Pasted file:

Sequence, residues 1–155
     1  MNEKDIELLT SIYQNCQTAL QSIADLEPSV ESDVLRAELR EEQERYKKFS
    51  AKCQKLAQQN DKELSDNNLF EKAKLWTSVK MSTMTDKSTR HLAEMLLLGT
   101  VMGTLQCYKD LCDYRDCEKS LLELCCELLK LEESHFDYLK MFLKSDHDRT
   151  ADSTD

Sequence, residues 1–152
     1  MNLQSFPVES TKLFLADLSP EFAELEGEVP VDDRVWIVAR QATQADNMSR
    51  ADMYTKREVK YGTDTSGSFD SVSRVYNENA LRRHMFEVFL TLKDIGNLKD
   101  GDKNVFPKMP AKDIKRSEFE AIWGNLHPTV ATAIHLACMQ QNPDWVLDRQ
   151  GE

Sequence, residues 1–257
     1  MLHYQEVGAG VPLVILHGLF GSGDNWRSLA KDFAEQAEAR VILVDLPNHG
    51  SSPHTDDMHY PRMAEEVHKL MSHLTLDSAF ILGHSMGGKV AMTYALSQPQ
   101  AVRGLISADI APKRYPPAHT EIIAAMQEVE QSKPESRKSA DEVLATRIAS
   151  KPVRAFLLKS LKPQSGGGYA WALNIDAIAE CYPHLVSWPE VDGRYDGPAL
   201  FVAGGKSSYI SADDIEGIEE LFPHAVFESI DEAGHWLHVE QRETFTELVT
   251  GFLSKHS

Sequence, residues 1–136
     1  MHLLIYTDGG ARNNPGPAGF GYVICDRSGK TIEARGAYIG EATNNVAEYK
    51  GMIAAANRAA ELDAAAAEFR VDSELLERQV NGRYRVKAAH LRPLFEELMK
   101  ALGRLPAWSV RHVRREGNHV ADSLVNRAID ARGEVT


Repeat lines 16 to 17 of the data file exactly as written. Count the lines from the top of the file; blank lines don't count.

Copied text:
   201  FVAGGKSSYI SADDIEGIEE LFPHAVFESI DEAGHWLHVE QRETFTELVT
   251  GFLSKHS